***We asked our summer intern, Noah Cralle, to create a blog entry based on what he had learned over his initial seven weeks at Kash Development Corp. He has experienced sales coaching sessions, sales team meetings, and interviews – and he sees the hidden weakness “Need for Approval” in many sales people. Below are his written findings***
Understanding and Overcoming the Need for Approval
When thinking about our lives from an early age, it is no surprise why the need for approval appears in so many sales people. Many of us were taught at a young age to make as many friends as possible, get along with others, avoid confrontation, and to be polite or ask for permission. We are even taught to bite our tongue if what we have to say may offend or make the other person uncomfortable. It is no wonder why this is a common trait in the sales industry.
It is a very common myth among sales people that the primary reason people buy is because the customer likes the sales person. While people do buy from people they like, the need to be liked causes many problems to arise. It becomes apparent that their need to be liked outweighs their need to get the sale.
But why do people have this need? People who have the need for approval are generally those who:
- Have low self-esteem
- Believe “No” is a bad thing
- Have dependent personalities
- Felt they were “misfits” growing up
- Have limiting beliefs
- Are excuse-makers
- Are “people pleasers”
- Were raised with the idea that this is the most important aspect to selling
No matter what the reason is behind the individual’s need for approval, it handicaps them from reaching his or her true potential. When there is a strong need for approval, it often causes the sales person to avoid asking any “tough” questions and keeps them from finding out the necessary information. A recent study conducted by The Objective Management Group, explains how the second most powerful and most common weakness found in sales people is their need for approval. They go on to say that sales people “will avoid saying or doing those things which, in his/her mind, would change how the prospect feels about him/her.” Many of these sales people that suffer from this DO NOT ask the right questions and won’t challenge the potential customer when appropriate. While it is a good thing to go to the extra mile for your clients, giving too much turns you from being flexible into being a sucker.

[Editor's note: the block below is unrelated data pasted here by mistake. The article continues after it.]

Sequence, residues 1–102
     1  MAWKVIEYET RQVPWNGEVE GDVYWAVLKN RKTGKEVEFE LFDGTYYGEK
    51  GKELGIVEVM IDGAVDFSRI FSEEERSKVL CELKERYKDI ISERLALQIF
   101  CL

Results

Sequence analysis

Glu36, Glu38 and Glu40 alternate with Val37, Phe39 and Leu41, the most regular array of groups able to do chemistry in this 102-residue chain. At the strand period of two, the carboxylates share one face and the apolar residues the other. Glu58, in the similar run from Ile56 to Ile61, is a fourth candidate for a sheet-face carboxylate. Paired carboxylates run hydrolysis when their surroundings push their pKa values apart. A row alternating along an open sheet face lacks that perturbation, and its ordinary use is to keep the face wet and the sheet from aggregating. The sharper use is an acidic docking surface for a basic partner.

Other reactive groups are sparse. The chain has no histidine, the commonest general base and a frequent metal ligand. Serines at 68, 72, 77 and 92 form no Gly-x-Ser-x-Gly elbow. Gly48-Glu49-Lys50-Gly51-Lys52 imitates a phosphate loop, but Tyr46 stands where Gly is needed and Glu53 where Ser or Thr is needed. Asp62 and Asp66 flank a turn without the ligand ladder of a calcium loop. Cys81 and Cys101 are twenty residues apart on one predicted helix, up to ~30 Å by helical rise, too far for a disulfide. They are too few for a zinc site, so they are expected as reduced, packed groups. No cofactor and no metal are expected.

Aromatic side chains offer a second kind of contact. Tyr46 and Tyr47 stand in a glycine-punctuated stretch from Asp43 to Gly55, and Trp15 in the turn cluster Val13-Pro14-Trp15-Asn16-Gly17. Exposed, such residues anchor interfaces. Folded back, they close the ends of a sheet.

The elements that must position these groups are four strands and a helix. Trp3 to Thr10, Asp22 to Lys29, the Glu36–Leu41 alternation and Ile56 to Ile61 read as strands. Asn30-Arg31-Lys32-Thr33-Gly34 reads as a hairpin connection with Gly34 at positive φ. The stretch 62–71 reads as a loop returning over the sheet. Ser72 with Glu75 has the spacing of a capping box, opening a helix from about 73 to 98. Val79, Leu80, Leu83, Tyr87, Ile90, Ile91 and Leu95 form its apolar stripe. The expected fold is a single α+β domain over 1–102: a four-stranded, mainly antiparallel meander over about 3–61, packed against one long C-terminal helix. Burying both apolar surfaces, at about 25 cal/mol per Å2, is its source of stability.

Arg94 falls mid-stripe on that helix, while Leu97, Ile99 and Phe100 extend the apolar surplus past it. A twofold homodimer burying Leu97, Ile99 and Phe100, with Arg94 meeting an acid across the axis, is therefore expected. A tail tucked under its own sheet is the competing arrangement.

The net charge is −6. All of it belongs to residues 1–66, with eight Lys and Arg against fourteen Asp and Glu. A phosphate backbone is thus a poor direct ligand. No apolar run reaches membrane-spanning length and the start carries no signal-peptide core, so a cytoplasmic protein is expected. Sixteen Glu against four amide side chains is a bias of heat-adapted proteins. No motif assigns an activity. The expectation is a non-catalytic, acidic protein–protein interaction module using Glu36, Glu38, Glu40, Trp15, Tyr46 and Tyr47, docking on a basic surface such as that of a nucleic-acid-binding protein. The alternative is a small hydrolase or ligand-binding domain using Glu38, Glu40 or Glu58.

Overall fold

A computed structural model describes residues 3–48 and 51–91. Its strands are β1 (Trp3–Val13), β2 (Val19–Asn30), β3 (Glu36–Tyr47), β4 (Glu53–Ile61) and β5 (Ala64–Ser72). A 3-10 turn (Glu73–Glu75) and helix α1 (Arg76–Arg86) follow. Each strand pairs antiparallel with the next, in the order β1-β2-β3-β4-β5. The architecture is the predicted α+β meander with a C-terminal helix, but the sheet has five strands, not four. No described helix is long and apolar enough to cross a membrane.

How to Start Overcoming the Need for Approval
Below are some steps I learned as an Intern at Kash Development that will help you fight the need for approval.
- Identify and eliminate the limiting belief that the approval of others is necessary for you to feel good about yourself
- Identify your fear of: rejection, neglect, abandonment, disapproval, and look for origins of these fears. Identify rational means to desensitize yourself.
- Develop an inventory of positive attributes you possess. You can also ask others to assist you.
- Develop a list of positive affirmation self-talk scripts, you can use to affirm yourself on a regular basis.
- Reflect on your feelings about conflict events. Use positive assertiveness to maintain your position and protect your rights.
- Ask yourself the question: “What do I gain if I agree and please everyone in my life and never take a stand on my beliefs/feelings?”
- Repeat these steps as necessary.
Understand the negative impact the need for approval has on your sales progress. It hinders your progress and drastically lowers your chances of closing a sale.
In just seven weeks, I have already learned and realized that the goal is not necessarily to be liked, but to be respected.